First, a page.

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Lessons from the Gaza War (1)

This was the title of a research paper published by the Begin-Sadat Center, a leading think tank in Israel affiliated with the Department of Political Science at Bar-Ilan University. The research of strategic intellectuals and academic and ex-military experts is directed towards Israeli decision-makers in military and civilian circles, foreign affairs establishments in Israel and abroad, the diplomatic corps, the press, the academic community, and leaders of Jewish communities around the world – as stated by the center on their official website.

The paper reviewed was written by Major General (Res.) Gershon Hacohen, who served in the Israeli military for 42 years during which he fought in several wars on the Egyptian and Syrian fronts before joining the Begin-Sadat Center as a senior research fellow. In the research paper, Hacohen was keen to provide a set of lessons learned from the recent escalation, which he rather called a “war”.

Typical of research papers, the paper under review starts with an “executive summary” which briefly states that, “The IDF’s [Israel Defense forces] defensive achievements against Hamas in the most recent war were groundbreaking. Yet for all its operational superiority, it will have a hard time defending Israel within the 1967 borders, especially in the event of a multi-arena conflict.” Hacohen explained that the recent escalation exposed Israel for the first time for what he called “the strategy of Qassem Soleimani” i.e. encircling Israel with a ring of fire from all fronts including domestically. “This time the Gaza arena, which erupts into war from time to time, turned the Al-Aqsa Mosque and Jerusalem into a new focal point, thereby igniting nationwide riots by Israeli Arabs,” the author said.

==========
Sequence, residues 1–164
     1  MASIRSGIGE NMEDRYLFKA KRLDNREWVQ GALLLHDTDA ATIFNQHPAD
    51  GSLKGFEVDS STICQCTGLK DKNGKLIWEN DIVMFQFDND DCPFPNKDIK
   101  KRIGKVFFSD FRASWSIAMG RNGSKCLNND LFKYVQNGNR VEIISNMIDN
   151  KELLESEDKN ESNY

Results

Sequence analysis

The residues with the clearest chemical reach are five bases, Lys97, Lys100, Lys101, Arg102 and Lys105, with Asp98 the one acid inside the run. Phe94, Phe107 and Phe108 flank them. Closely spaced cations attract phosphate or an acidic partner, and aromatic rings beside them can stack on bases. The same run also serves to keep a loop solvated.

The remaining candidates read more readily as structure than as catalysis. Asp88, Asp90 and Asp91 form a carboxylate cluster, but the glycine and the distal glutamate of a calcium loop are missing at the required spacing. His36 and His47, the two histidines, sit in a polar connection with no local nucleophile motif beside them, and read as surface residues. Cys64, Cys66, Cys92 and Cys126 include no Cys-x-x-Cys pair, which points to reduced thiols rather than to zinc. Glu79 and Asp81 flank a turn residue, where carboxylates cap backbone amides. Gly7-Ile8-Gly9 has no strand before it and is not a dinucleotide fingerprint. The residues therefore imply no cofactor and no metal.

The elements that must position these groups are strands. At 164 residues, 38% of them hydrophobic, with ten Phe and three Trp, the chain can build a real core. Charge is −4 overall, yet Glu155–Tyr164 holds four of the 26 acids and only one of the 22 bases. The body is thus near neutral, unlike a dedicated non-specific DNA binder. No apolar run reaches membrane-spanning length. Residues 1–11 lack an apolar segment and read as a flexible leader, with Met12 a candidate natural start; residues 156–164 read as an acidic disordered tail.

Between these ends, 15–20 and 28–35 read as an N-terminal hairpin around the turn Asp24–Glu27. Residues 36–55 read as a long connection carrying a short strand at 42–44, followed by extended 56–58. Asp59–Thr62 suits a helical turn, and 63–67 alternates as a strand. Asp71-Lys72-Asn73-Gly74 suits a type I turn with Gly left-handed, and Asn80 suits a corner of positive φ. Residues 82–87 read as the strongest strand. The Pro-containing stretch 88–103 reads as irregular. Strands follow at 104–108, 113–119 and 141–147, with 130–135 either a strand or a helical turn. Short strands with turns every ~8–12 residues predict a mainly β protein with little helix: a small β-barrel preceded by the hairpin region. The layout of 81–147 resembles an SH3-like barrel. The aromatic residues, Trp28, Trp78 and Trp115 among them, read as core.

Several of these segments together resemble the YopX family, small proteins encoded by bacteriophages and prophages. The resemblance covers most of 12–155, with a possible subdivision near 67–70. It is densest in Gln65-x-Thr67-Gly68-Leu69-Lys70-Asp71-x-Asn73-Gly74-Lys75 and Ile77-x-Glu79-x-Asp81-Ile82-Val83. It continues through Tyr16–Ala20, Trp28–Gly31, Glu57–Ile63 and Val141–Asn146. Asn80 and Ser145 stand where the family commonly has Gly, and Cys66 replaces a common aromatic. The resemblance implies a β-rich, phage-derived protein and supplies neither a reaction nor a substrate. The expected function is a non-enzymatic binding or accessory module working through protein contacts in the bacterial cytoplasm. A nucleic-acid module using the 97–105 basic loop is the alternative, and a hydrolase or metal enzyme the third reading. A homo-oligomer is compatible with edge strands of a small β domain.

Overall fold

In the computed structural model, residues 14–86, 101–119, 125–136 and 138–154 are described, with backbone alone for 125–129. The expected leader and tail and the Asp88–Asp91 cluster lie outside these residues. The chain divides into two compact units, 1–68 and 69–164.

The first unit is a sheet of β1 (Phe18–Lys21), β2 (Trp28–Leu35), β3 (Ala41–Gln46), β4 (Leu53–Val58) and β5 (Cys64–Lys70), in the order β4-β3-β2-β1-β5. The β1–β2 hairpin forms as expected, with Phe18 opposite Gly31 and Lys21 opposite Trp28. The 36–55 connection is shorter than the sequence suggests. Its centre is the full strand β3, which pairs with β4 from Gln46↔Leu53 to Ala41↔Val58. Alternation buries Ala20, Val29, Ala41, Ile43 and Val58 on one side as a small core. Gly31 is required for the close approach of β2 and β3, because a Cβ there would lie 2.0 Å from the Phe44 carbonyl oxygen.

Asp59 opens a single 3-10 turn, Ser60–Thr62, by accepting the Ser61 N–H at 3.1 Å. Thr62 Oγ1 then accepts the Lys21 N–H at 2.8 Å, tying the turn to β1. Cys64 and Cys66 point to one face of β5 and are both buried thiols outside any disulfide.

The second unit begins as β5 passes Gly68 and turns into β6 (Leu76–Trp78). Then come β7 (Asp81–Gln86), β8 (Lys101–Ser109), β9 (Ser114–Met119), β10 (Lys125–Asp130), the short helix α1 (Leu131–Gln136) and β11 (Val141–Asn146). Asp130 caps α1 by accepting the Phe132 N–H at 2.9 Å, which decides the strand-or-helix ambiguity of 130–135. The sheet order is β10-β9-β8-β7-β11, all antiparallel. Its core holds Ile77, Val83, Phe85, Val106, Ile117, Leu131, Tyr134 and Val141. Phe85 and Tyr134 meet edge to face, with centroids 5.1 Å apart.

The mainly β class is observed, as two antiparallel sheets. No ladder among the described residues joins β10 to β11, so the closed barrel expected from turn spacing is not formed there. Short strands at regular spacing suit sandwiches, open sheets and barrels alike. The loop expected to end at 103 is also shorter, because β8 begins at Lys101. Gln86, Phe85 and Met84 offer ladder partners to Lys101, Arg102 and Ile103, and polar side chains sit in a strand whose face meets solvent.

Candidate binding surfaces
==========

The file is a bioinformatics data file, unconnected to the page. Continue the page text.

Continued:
Given this argument, the author seems to have taken a 180 degree turn. Maneuvering very cleverly, Hacohen overcame the reality that it was Jerusalem and Al-Aqsa that provoked action in Gaza and that it were the abuses against the Israeli Arabs that led them to the first-ever rise up to protest in substantial numbers that made it difficult for anyone to overlook.   

Hacohen then moves to a meta-analysis question: “What was surprising in this war?” 

He explained that, “In terms of operational preparedness, the IDF was ready to fight. At the same time, IDF intelligence admits there was a measure of surprise in the fact that Hamas initiated this round. The surprise lay in the new geopolitical framework, with Hamas centering the campaign on the issue of Jerusalem.” 

Hacohen then draws a comparison between the recent Gaza war and the wars he witnessed saying, “In the battles of the previous century, including the Six-Day War and the Yom Kippur War, the launching of a war required prior deployment by the enemy with the attendant warning signs of the enemy’s intent. When Egyptian president Gamal Abdel-Nasser decided in May 1967 to move his forces into Sinai, the entry to Sinai and the process of deploying the Egyptian forces provided Israel with a warning period. Likewise, in the lead-up to the Yom Kippur War, there were overt signs of preparation for war — though in that case, unfortunately, IDF intelligence chose to ignore them. Since that time, intelligence assessment has relied on close and systematic monitoring of telltale signs. It is here that Hamas’ potential to surprise — and, even more so, Hezbollah’s — has brought about an essential change.”